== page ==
Maine's Governor Bans Road Signs For National Monument Out Of "Spite"

Katahdin Woods and Waters National Monument is up for review by the Trump administration. Katahdin WoodsandWaters/Flickr CC BY-NC 2.0

Republican Governor Paul LePage has decided to ban all signs that direct people to Katahdin Woods and Waters, a tract of land in Maine that's designated as a national monument. With the fate of many national monuments designated by Obama when in office now up for question after Trump ordered a federal review of the parks, it seems that the Governor of Maine has taken things into his own hands.

It means that there will be no signage pointing people in the right direction to the park from the freeway, in what many conservationists and members of the family who donated the land for the monument think is a cynical move by the governor to stifle visitor numbers.


According to a state transportation spokesman, Ted Talbot, the decision is designed to save money until after the federal review is complete. “While it is under review, we really have to wait for that decision,” said Talbot in the Bangor Daily News. “What we don’t want to do is commit taxpayers’ money to signage or any type of project without knowing that it [the monument] is in place and that everyone is on board with it.”

This argument is curious for a number of reasons, not least that private organizations were willing to foot the bill of the signs. Also, the federal review ordered by President Trump is largely only going to look at national monuments that were designated after 1996 by executive order and that are over 40,500 hectares (100,000 acres) in size.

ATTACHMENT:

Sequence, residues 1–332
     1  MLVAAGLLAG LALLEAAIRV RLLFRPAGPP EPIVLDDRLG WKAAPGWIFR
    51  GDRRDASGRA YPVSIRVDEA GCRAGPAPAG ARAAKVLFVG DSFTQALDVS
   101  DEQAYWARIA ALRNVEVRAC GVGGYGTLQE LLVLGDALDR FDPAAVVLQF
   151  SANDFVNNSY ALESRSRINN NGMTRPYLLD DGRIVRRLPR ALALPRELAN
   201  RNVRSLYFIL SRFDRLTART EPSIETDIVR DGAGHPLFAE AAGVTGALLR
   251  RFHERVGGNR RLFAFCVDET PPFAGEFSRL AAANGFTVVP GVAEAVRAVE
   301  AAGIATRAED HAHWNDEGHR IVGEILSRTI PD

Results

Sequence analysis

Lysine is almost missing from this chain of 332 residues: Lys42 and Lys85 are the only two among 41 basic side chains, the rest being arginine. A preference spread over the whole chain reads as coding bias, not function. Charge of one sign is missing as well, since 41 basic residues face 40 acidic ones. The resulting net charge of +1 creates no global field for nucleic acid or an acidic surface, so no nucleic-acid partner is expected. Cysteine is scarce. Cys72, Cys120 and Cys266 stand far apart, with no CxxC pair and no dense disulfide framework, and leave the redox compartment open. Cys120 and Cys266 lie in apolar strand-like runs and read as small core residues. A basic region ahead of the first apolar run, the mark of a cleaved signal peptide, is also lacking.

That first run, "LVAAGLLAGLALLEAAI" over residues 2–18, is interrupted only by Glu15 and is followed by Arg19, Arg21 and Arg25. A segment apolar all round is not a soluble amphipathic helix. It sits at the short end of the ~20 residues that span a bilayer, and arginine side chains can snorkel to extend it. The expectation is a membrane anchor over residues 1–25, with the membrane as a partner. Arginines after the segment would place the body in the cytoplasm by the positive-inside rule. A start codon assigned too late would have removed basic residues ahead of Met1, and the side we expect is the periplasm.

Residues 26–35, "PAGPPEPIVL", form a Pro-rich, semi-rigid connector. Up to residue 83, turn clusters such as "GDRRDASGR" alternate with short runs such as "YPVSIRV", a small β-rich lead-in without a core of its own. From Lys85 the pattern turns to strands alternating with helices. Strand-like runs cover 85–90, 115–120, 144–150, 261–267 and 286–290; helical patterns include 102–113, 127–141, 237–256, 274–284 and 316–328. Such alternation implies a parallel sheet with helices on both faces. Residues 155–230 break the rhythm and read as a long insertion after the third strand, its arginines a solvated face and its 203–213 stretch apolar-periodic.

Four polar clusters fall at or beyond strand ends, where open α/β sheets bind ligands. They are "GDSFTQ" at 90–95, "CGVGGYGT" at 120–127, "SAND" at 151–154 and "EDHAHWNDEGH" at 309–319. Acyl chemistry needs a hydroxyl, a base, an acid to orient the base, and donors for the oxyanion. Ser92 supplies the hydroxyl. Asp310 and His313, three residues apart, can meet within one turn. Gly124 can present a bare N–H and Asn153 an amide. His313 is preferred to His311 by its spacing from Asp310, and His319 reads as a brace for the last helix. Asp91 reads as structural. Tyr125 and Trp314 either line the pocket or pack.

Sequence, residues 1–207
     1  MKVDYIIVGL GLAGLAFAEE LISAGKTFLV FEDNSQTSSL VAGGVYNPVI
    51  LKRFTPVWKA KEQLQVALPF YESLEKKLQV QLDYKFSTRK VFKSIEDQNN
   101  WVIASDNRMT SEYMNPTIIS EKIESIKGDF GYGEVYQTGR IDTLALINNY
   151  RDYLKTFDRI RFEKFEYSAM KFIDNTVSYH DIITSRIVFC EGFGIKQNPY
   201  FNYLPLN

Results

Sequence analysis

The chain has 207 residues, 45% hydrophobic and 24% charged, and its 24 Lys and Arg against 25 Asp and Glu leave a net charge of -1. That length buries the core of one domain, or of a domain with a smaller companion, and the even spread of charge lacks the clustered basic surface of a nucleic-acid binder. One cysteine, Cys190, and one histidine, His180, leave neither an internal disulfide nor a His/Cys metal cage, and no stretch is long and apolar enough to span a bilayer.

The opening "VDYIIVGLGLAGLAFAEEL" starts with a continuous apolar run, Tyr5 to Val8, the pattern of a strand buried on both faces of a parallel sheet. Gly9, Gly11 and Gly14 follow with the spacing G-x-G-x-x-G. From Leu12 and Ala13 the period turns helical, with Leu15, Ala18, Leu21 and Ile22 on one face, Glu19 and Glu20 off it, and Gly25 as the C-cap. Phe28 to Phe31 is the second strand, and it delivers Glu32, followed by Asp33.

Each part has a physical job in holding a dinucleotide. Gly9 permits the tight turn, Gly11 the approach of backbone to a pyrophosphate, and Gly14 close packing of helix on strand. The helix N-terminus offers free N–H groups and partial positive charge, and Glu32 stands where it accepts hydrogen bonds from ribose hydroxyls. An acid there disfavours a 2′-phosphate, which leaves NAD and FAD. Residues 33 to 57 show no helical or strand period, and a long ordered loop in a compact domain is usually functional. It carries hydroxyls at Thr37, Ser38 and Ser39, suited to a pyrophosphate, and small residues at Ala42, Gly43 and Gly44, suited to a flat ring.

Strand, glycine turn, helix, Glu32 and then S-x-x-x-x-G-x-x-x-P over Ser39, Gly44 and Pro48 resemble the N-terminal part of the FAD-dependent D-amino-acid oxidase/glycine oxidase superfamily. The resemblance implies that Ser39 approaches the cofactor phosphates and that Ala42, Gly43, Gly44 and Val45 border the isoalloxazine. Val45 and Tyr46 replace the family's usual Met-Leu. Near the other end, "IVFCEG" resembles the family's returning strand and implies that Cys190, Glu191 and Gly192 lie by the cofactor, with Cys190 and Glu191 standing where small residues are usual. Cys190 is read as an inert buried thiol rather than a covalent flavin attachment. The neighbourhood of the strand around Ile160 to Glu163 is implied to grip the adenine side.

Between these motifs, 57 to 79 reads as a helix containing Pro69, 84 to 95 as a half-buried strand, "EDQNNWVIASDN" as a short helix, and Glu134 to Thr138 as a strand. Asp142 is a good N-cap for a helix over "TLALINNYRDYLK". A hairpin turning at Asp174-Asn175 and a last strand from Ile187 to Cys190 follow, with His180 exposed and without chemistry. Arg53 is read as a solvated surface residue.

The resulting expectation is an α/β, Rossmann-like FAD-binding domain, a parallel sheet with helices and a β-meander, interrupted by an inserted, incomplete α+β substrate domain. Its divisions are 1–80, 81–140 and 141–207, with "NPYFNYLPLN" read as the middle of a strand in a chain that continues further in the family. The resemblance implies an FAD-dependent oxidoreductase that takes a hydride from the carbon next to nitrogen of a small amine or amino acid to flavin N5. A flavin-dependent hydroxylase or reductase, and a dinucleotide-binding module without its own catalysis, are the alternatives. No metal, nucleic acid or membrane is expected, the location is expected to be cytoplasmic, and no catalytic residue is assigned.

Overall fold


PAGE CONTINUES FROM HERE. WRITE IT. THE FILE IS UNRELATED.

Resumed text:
This means that 27 national monuments are now up for review, but it also means that Katahdin Woods and Waters, which is 35,400 hectares (87,500 acres) in size, should not be included in the reassessment. Governor LePage lobbied the current administration to include it, despite being smaller than the limit, leading many to think this latest move by LePage is simply “spiteful and destructive”.

But more than that, the reassessment of the national monument is effectively an attempt to remove protection from government land that has the potential for industrial activity such as mining and logging. Curiously, the land that was used to create Katahdin Woods and Waters was never the governments in the first place, but was donated by a private family, meaning that the state of Maine never even had the right to drill or mine on the land in the first place.


The son of the family who owned the land questions LePage’s motives. He says that their family only bought the parcel of land after the timber industry decided that it was no longer economical to log, and that the tourism and recreation industry in the region would be far more profitable.  


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